Simple Solar Oven

The solar oven shown in the picture from the Solar Cook Off is one of the simplest I have seen.  It is an inexpensive cardboard oven that he purchased from Solar Cookers International (http://solarcookers.org/) several years ago.  My friend uses it almost every day.  He often cooks his lunch on the hood of his truck while he is at work.

If you look close at the picture, you will notice that he found an old large Tupperware style container with a lid.  He sets that in the oven with painted quart jars of food inside.  The jars are painted black except for a strip on the side so you can check on the food.  He puts a piece of masking tape on the jars before he paints them and then just peels it off to leave the view strip.

Graniteware

The stove works very well and reaches a good working temperature in excess of 200 degrees.  He also has an oval shaped graniteware roaster that will fit inside his plastic box.  He often uses that for roasting meat.

Graniteware is the old black or blue pans with the little white spots your grandmother used.

Howard

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2 Responses to Simple Solar Oven

  1. Bellen says:

    I have a commercial solar oven that I use frequently. I have a small graniteware roaster that I use for chix, roasts, lasagna and casseroles. I also have a small graniteware stock pot that I use for soup, stews, etc. The lightweight of the pans and the dark color are the properties that make them work well.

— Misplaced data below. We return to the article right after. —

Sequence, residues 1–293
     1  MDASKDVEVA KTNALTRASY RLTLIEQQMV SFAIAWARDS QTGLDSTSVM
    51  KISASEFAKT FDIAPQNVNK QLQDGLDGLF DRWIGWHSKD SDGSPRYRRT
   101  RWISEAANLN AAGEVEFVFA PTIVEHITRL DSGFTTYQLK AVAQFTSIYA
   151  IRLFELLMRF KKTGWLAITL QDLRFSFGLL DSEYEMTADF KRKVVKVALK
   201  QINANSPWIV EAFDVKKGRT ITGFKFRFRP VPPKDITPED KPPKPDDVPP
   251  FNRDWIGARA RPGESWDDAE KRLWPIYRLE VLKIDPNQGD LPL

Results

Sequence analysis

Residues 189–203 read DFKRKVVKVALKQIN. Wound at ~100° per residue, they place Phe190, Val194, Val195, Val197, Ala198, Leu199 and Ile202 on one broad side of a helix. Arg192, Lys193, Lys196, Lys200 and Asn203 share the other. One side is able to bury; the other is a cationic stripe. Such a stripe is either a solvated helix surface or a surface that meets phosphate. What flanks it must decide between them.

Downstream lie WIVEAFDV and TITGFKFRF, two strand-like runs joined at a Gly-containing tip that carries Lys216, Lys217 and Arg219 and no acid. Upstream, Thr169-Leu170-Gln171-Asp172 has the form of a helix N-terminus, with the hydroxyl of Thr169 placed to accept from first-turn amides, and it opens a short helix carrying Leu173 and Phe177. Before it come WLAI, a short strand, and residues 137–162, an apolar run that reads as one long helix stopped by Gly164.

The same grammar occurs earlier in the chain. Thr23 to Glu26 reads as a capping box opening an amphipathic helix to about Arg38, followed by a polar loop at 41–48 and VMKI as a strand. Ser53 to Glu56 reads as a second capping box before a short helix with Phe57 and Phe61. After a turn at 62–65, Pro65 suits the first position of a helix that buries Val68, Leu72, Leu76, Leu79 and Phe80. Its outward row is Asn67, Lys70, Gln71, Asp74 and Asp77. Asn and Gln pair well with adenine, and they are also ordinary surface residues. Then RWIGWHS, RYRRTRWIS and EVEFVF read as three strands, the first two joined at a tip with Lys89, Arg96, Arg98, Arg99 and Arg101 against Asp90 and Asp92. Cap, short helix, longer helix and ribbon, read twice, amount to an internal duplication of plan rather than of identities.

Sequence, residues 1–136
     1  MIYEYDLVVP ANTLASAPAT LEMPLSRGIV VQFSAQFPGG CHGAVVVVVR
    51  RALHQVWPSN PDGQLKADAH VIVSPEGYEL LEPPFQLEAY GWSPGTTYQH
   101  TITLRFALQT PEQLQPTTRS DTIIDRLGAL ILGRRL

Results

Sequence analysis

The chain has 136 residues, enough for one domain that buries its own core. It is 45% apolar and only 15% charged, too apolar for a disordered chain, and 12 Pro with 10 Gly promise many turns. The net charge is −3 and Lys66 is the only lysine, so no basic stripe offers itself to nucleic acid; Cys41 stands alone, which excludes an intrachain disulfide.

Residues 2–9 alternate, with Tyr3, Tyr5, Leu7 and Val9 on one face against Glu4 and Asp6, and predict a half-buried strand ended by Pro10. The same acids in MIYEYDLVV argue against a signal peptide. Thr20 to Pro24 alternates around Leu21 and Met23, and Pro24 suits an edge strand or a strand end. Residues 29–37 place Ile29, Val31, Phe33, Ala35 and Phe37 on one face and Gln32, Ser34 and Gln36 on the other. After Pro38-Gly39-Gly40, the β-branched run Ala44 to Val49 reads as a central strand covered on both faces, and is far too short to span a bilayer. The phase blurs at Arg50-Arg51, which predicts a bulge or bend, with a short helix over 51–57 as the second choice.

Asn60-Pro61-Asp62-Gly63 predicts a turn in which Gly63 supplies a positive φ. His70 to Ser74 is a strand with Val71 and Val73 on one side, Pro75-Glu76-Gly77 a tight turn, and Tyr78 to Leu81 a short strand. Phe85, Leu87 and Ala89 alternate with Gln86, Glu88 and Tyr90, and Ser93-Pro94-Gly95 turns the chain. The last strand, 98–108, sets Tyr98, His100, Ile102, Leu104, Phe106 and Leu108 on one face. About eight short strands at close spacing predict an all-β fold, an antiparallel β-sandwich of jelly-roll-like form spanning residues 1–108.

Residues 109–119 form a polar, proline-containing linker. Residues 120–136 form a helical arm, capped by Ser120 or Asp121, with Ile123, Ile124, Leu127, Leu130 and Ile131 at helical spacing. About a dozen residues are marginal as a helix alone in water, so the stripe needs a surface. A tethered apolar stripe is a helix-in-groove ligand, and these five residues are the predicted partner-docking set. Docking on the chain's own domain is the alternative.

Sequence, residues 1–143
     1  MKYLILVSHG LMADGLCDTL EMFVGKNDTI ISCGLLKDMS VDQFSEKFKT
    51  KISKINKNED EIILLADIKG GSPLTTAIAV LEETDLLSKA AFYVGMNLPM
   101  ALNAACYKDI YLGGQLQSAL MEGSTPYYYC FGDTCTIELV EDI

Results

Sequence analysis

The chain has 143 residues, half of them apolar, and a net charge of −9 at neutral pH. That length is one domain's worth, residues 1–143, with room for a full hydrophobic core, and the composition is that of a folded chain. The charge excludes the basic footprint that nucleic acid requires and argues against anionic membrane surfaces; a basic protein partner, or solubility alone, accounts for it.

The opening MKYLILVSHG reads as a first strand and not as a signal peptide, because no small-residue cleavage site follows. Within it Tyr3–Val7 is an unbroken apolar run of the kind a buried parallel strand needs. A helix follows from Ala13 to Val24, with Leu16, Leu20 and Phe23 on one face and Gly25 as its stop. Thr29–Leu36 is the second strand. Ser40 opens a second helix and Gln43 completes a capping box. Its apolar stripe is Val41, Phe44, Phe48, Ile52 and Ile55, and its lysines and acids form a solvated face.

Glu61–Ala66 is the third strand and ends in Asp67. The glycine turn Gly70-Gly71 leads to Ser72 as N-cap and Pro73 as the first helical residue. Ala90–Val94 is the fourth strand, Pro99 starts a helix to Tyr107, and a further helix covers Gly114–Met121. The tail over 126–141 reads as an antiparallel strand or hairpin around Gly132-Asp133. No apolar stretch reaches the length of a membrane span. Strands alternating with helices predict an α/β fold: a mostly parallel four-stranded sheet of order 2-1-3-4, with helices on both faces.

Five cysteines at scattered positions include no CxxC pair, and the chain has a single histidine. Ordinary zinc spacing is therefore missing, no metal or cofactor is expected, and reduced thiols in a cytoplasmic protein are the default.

If I have something that will not work in either of the pans I simply cover the item with a dark colored dish towel. I use this mainly with drying herbs, roll up in a dark dish towel, turn once after 30 min – done in about an hour. When I dry chix bones (to make my own bone meal or rather fine pieces) I lay them in a single layer on a dark pizza pan and cover with a dark towel – done in about 3 hours.

    Remember to use hot mitts or pads to remove items from the solar oven – the pans get really hot!

    • Estela says:

      I just came aorscs your website via Greater Denver Urban Homesteading Group which was just suggested to us. We have used a solar cooker (in Denver) made by a friend of ours from CSprings. He builds his cookers out of recycled parts (does not believe in currency). While quite bulky, we have baked turkeys and roasts with no problem, although as you note the sun must be out for it to work. Doesn’t matter how cold it is if the sun is out. It is the only way to cook beans and granola. Baking (cookies, cakes, etc) works fine too, the baking is a more gentle kind of baking so it’s hard to burn things even if the temp is kicked up. Ours gets to 450 F. with full sun. I could send a picture if you like. A friend of mine has the SunOven and enjoys using it, but it definitely doesn’t get as hot (smaller panels). She enlarged its heat potential by filling in the corner negative spaces with mylar (or aluminum foil)coated inserts.

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